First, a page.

Mano gesture

BACKGROUND: My informant, AV, was born in the Philippines. His parents are also both immigrants from the Philippines and currently live in the US. This piece is an explanation of a gesture used in Filipino culture to signify respect. AV explained that this is something his parents taught him to do in front of elders.

CONTEXT: This piece is from a facetime call with my friend to talk about customs in Filipino culture.

AZ: A custom that we have in the Philippines is like — they can’t see me right?

Me: It’s only audio.

AZ: Okay well in my specific language, like my parents would be like, [speaks Tagalog] Like, I don’t know how to explain it, but basically, you take the person’s hand and hold it, you hold it in your hand and you kind of like, bring it up to your forehead like this. Basically, it’s like a sign of respect for your elders and usually you go to your aunts and uncles and do that. But like, it’s funny. I think like a lot of times when like adults don’t want to feel super old, they’ll be like, “Oh no, don’t do that.” But like, I guess as you get older, if you’re like my grandma or like my grandpa they definitely expect us to do it. All the older relatives too.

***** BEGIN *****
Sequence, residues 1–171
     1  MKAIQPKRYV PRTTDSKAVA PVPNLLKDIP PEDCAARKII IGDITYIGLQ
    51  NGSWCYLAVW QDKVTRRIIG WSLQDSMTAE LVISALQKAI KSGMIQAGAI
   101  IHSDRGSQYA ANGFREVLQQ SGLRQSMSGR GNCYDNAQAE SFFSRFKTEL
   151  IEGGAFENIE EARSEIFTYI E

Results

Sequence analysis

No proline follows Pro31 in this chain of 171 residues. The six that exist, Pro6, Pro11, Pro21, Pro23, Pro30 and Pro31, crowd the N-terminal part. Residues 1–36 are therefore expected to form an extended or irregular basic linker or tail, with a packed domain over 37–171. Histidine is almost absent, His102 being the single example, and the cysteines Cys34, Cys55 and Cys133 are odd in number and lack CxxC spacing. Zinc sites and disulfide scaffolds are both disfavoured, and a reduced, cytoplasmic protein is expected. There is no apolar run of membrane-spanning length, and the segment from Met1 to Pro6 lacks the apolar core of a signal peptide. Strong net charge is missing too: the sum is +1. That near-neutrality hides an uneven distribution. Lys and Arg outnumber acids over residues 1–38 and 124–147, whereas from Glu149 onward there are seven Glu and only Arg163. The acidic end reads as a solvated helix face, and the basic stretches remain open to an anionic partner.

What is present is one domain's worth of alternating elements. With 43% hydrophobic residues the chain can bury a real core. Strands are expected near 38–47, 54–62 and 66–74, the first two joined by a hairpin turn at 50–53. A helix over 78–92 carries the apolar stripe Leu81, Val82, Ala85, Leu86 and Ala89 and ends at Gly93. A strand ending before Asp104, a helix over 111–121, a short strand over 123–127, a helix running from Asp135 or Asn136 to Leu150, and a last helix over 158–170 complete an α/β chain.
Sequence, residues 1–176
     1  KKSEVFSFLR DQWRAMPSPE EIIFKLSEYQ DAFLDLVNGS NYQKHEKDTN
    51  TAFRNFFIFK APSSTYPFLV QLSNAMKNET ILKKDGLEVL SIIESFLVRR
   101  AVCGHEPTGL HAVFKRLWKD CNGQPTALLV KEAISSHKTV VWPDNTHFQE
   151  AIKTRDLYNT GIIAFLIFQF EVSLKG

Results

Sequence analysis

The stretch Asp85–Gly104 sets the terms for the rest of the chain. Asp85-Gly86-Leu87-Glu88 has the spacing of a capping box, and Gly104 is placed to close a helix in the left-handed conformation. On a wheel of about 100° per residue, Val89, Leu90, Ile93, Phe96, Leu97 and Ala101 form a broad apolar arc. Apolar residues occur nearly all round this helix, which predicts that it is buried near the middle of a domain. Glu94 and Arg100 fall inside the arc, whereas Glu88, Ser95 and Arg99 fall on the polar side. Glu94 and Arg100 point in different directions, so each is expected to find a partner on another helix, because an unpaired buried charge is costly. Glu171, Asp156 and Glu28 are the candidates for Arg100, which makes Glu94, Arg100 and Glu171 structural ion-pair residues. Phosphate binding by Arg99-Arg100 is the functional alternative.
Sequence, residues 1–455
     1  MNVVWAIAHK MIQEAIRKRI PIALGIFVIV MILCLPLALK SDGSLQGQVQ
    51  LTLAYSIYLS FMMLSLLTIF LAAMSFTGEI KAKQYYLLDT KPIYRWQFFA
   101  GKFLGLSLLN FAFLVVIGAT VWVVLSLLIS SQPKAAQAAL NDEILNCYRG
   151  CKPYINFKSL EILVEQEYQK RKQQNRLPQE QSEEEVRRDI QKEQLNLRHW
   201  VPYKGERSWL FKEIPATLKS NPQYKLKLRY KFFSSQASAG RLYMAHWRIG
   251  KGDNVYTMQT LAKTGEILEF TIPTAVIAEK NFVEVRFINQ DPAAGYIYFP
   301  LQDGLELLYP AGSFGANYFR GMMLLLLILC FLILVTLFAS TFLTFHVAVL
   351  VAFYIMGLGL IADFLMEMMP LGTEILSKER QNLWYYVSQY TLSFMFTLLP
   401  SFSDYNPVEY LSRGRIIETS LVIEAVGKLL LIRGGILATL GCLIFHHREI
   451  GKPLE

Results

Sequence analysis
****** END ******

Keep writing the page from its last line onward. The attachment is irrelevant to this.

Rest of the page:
THOUGHTS: This gesture is really telling of the things that Filipino society considers important. As a kid, back when my parents were still fairly new to the US and staunchly steadfast in their culture, I had to show my respect to them by bowing my head and avoiding eye contact when speaking to them. On top of this, as the eldest daughter in the house. My mom always made me present a bowl of soap and water to my father and other older male relatives to wash their hands with whenever they ate dinner at our house. As I got older and my parents became more engrossed in American customs, I was no longer required to avoid eye contact or prepare my dad’s bowl. It’s interesting to me how the more “Americanized” I became the less I was required to show respect in the traditional way.